New blood service supporting Telford and Wrekin children in the community

A new community blood service has been extended by healthcare bosses for another six months. The Community Paediatric Phlebotomy Service funded by Telford and Wrekin Clinical Commissioning Group, the organisation responsible for buying local healthcare services, has significantly improved the care of children in Telford and Wrekin children who need a blood test. The aims of the service are to make it easier for families to access healthcare service, removing the need to go into hospital to have bloods taken. For many, it has also been providing care closer to home, improving the experience of having blood taken for patients and it has set up a cost effective service delivering value for money. Dr Michael Innes, Chair of Telford and Wrekin CCG, said: “For many families of sick children, or children with conditions that require regular blood monitoring, having to go into hospital to have blood taken can create added pressure at a time when things are already difficult. “It can also be costly to the NHS, so providing a community service was a way to improve the service in a number of ways.” he said. “The service has been a great success, and while it has saved money, we are mostly proud of the improvements it has made to the care our patients received.” There are a number of opportunities the CCG has identified to extend this, including encouraging even more GPs to refer patients directly into the service and the potential for a further clinic in South Telford. The Community Paediatric Phlebotomy Service was piloted by Paediatric Community Nursing Service and Shropshire Community Health NHS Trust, and began in September 2014, with a clinic every Thursday, between 9.30am and 11.15am, at Donnington Health Centre. Between September December, savings of £15,024 were made as a result of children not attending hospital for their blood to be taken. This new service is projected to save £30,469 by the end of March, which can be reinvested in other care, but it’s the patient outcomes the CCG is most excited about. Since the service began 100 per cent of parents have said they were satisfied with how their child was treated at the clinic appointment and that they would use the clinic again if their child required bloods in the future, with 87 per cent saying they were ‘very satisfied’ overall with the service and 13 per cent saying they were ‘satisfied’. Dr Innes added: “One of the most important aspects of the service is that it is centred on the needs of the child. The clinic is staffed by a nurse and nursery nurse which means more time is devoted to the child during their appointment with skilled staff able to support them when they are nervous,” he said. “That’s reflected in the feedback we have had that families like the child-friendly aspect of the service.”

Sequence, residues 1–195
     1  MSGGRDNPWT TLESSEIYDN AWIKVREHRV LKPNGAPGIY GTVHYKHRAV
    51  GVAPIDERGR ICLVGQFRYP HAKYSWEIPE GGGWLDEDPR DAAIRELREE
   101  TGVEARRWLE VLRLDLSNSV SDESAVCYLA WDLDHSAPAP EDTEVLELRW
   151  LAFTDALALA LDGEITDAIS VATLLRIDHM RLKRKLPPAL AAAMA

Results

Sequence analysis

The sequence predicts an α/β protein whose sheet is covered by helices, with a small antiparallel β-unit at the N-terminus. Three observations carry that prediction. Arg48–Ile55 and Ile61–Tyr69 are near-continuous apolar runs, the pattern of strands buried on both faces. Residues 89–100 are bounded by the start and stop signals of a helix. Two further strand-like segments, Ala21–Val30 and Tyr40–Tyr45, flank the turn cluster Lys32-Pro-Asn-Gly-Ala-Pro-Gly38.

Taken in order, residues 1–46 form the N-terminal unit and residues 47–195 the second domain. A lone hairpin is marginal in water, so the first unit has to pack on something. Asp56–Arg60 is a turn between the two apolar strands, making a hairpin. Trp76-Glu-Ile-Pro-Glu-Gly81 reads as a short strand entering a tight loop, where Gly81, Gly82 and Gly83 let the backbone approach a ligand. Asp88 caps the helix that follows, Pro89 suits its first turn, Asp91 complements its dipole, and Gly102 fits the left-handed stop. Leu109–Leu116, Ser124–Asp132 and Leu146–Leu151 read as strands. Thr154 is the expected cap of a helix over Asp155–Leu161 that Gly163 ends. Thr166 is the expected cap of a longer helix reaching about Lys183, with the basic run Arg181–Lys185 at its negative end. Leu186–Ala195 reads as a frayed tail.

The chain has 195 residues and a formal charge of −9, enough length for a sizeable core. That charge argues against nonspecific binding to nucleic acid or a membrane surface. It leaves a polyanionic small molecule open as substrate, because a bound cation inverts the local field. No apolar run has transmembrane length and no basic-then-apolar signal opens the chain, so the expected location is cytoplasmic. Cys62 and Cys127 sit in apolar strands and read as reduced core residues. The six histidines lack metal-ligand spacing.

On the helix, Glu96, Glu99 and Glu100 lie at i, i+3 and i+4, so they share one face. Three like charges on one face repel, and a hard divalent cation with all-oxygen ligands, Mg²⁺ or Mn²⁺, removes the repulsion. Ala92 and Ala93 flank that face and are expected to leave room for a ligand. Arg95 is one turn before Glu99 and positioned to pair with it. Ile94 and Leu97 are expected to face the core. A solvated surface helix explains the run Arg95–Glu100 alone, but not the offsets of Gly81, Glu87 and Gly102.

Chief Officer, David Evans said: “We’re thrilled to be able to extend a high-quality new service like this that is proving so popular and successful and delivers clear benefits to the people of Telford and Wrekin.”